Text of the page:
GMAT Question of the Day - Daily to your Mailbox; hard ones only

 It is currently 17 Oct 2019, 21:06 GMAT Club Daily Prep

Thank you for using the timer - this advanced tool can estimate your performance and suggest more practice questions. We have subscribed you to Daily Prep Questions via email.

Customized
for You

we will pick new questions that match your level based on your Timer History

Track

every week, we’ll send you an estimated GMAT score based on your performance

Practice
Pays

we will pick new questions that match your level based on your Timer History

Not interested in getting valuable practice questions and articles delivered to your email? No problem, unsubscribe here.  Positive integer n leaves a remainder of 4 after division by

 new topic post reply Question banks Downloads My Bookmarks Reviews Important topics
Author Message
TAGS:

Hide Tags

Intern  Joined: 08 Nov 2009
Posts: 2
Positive integer n leaves a remainder of 4 after division by  [#permalink]

Show Tags

23
157 00:00

Difficulty:   35% (medium)

Question Stats: 73% (02:02) correct 27% (02:17) wrong based on 1670 sessions

HideShow timer Statistics

Positive integer n leaves a remainder of 4 after division by 6 and a remainder of 3 after division by 5. If n is greater than 30, what is the remainder that n leaves after division by 30?

A. 3
B. 12
C. 18
D. 22
E. 28

Originally posted by bchekuri on 05 May 2010, 23:49.
Last edited by Bunuel on 20 Apr 2012, 03:05, edited 1 time in total.
Edited the question and added the OA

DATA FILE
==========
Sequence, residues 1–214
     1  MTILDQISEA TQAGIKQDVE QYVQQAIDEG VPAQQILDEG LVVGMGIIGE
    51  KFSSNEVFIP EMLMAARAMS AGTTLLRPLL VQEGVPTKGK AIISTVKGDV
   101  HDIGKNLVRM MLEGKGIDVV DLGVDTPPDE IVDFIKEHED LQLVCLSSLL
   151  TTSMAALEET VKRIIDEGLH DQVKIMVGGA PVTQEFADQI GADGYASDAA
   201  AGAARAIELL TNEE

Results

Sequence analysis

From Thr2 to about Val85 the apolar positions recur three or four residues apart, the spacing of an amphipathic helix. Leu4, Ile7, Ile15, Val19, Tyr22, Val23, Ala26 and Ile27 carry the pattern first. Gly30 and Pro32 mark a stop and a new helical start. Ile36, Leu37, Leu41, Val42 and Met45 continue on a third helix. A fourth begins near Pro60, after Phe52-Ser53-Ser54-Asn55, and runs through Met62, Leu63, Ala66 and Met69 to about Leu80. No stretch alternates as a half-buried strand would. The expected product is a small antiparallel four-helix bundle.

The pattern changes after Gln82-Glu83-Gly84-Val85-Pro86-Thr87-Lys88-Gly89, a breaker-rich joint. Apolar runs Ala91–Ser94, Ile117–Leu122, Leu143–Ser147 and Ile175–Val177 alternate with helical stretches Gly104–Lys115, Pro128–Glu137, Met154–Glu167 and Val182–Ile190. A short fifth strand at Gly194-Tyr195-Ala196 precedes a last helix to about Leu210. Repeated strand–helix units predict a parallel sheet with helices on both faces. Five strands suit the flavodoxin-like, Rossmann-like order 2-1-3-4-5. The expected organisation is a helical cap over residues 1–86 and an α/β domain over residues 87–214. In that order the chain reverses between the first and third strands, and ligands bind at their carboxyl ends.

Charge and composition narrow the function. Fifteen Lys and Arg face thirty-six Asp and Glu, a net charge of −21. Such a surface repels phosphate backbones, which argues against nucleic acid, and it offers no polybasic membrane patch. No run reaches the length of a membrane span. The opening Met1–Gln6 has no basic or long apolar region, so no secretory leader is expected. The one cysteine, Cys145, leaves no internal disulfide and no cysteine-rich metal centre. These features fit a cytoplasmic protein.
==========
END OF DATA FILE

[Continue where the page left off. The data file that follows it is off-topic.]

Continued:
Math Expert V
Joined: 02 Sep 2009
Posts: 58402
Re: Manhattan Remainder Problem  [#permalink]

Show Tags

122
187
To elaborate more.

Suppose we are told that:
Positive integer n leaves a remainder of 4 after division by 6 and a remainder of 2 after division by 8. What is the remainder that n leaves after division by 12?

The statement "positive integer n leaves a remainder of 4 after division by 6" can be expressed as: $$n=6p+4$$. Thus according to this particular statement $$n$$ could take the following values: 4, 10, 16, 22, 28, 34, 40, 46, 52, 58, 64, ...

The statement "positive integer n leaves a remainder of 2 after division by 8" can be expressed as: $$n=8q+2$$. Thus according to this particular statement $$n$$ could take the following values: 2, 10, 18, 26, 34, 42, 50, 58, 66, ...

The above two statements are both true, which means that the only valid values of $$n$$ are the values which are common in both patterns. For example $$n$$ can not be 16 (from first pattern) as the second formula does not give us 16 for any value of integer $$q$$.

So we should derive general formula (based on both statements) that will give us only valid values of $$n$$.

How can these two statement be expressed in one formula of a type $$n=kx+r$$? Where $$x$$ is divisor and $$r$$ is a remainder.

Divisor $$x$$ would be the least common multiple of above two divisors 6 and 8, hence $$x=24$$.

Remainder $$r$$ would be the first common integer in above two patterns, hence $$r=10$$.

Therefore general formula based on both statements is $$n=24k+10$$. Thus according to this general formula valid values of $$n$$ are: 10, 34, 58, ...

Now, $$n$$ divided by 12 will give us the reminder of 10 (as 24k is divisible by 12).

Hope it helps.
_________________
Manager  Joined: 30 Aug 2010
Posts: 81
Location: Bangalore, India
Re: Manhattan Remainder Problem  [#permalink]

Show Tags

39
21
Friends,

IT IS VERY COMMON IN GMAT to solve this kind of qtns using "NEGATIVE REMAINDER" theory.

The theory says:

if a # x is devided by y and leave the positive # r as the remainder then it can also leave negative # (r-y) as the remainder.

e.g: